After being granted asylum in the US, Clemantine went on to receive a BA in Comparative Literature from Yale University and became the youngest ever person to serve on the United States Holocaust Museum’s Memorial Council, appointed by President Barack Obama. Now thirty, she is a member of the Board of Directors at Women for Women International and is an experienced speaker, storyteller and human rights advocate.

Native Son & Black Boy – Richard Wright

Native Son: 4/5

Black Boy: 5/5

Richard Wright’s Native Son was published on March 1st, 1940 and was the first novel by a black author to be chosen for the Book-of-the-Month Club. It sold an incredible quarter of a million copies in its first three weeks and within five months it had sold half a million copies. The novel tells the story of Bigger Thomas, who lives in one rat-infested room with his family on the south side of Chicago. What unfolds is a series of horrifying events after a desperate act.

“He shut their voices out of his mind. He hated his family because he knew they were suffering and that he was powerless to help them. He knew that the moment he allowed himself to feel to its fullness how they lived, the shame and misery of their lives, he would be swept out of himself with fear and despair. So he held towards them an attitude of iron reserve; he lived with them, but behind a wall, a curtain. And toward himself he was even more exacting. He knew that the moment he allowed what his life meant to enter fully into his consciousness, he would either kill himself or someone else. So he denied himself and acted tough.”

Black Boy was published in 1945 and is Richard Wright’s own account of growing up in the Deep South of America. Born near Natchez, Mississippi, in 1908, Wright lived in Memphis, Tennessee as a child before living in an orphanage and then lived with various relatives. In Black Boy, Wright details a life of moving from home to home and, by the age of twelve, he had received only one year of formal education. Hunger and poverty dominated his life, as well as white subjugation and fear. His dream of justice and opportunity in the north became his focus as he learned to survive in his hostile environment.

“But what strange world was this? I concluded the book with the terrible conviction that I had somehow overlooked something terribly important in life. I had once tried to write, had once revelled in feeling, had let my crude imagination roam, but the impulse to dream had been slowly beaten out of me by experience. Now it surged up again and I hungered for books, new ways of looking and seeing. It was not a matter of believing or disbelieving what I read, but of feeling something new, of being affected by something that made the look of the world different.”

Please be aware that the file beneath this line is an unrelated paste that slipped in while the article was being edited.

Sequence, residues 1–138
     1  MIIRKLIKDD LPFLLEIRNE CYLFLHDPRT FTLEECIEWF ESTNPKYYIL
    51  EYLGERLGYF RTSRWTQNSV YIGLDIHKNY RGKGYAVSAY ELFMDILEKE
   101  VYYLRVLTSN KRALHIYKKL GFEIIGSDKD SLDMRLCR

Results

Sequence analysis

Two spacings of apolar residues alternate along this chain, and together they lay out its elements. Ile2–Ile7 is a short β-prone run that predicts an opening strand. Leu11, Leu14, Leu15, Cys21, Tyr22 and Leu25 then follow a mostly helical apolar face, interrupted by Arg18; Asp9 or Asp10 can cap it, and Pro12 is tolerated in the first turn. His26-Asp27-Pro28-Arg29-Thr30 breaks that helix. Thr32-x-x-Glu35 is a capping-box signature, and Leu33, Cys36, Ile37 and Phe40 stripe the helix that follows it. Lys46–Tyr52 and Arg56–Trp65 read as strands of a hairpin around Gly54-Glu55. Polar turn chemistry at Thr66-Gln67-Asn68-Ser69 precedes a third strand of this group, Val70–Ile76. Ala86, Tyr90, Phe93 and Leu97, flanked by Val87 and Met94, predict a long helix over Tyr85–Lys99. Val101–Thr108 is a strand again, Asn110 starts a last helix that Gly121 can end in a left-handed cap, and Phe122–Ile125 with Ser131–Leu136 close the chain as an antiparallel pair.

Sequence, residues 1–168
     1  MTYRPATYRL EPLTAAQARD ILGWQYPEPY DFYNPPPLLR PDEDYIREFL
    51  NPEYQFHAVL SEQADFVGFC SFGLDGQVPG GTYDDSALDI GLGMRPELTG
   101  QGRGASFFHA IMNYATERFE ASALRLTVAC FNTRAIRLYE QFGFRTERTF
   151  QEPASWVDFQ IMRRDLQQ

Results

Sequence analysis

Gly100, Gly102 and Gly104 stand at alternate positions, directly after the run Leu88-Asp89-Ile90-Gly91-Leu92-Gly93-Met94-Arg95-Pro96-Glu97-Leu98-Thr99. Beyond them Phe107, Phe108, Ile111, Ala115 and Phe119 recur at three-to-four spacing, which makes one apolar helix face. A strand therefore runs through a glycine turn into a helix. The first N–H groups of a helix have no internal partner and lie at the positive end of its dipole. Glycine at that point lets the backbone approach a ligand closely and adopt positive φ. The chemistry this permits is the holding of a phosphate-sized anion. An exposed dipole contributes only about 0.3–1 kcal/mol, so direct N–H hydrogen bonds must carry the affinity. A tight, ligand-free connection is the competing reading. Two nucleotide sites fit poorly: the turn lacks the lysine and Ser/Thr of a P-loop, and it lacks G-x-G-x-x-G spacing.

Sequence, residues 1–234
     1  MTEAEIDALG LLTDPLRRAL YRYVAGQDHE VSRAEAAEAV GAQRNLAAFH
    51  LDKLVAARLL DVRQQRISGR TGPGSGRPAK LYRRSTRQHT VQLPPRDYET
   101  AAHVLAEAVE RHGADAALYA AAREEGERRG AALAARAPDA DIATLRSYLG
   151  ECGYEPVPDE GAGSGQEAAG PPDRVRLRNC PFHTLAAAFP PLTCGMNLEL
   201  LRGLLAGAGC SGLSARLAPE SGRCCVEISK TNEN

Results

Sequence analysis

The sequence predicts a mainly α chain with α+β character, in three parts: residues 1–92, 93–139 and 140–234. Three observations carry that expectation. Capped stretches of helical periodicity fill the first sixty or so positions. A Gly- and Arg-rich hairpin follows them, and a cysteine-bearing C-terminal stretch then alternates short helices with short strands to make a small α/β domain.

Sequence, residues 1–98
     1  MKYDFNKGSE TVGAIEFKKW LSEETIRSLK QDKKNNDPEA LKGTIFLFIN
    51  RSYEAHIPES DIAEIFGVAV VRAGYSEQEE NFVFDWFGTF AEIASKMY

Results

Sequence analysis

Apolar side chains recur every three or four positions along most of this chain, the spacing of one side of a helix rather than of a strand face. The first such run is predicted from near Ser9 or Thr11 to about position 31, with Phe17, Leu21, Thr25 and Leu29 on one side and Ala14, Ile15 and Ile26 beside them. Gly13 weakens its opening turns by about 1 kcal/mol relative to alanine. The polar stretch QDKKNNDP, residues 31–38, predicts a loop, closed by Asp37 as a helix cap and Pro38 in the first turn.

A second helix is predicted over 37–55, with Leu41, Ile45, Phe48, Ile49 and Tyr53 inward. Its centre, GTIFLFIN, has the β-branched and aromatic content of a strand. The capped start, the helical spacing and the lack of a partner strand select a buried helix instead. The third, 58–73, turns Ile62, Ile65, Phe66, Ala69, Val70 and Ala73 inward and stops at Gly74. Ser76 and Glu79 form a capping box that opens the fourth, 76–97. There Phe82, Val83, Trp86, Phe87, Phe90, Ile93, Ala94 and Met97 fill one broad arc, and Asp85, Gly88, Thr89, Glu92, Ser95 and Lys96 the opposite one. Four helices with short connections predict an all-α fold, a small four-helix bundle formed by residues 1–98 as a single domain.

I was lent these books by a work friend and it really is essential that they are read together. In hindsight, I wish I had read Black Boy first as it provides more of an insight into the character of Bigger Thomas. For me, Bigger was a character lacking empathy and demonstrated sociopathic traits. However, reading Black Boy offers an in-depth glimpse into Bigger’s psyche and Wright’s painfully honest account of his own life is quite an indictment of society in America during that period. I loved the energy and flow of Wright’s writing, which made for compelling and immersive reading.

Wright’s turbulent home life influences and shapes much of his writing and after leaving home at fifteen, he worked in Memphis for two years before moving on to Chicago. In 1935, he began to work on the Federal Writers’ Project and in 1938, he published Uncle Tom’s Cabin. He was awarded a Guggenheim Fellowship in the following year. Other titles include The Outsider, The Long Dream and American Hunger. After the publication of Black Boy, Wright left the United States with his wife and visited France as official guests of the French government. They returned to France in 1947 and lived there with their three daughters, with Wright remaining there until his death in 1960.

I was alarmed recently to hear a comment from someone who dismissed autobiographies, implying that they are egotistical and self-indulgent. While I believe everyone is entitled to their opinion, I couldn’t disagree more. Real life accounts can teach us so much about the world, human nature and important moments in history. These books were shocking, provocative and uncomfortable to read, but they were completely gripping and absorbing. I am so glad that I received the opportunity to read these books and they are certainly two that I will never forget.

Have you read these books and did you enjoy them? What is your opinion on autobiographies? Do you think they are important or do you believe they are self-serving? I would love to know your thoughts!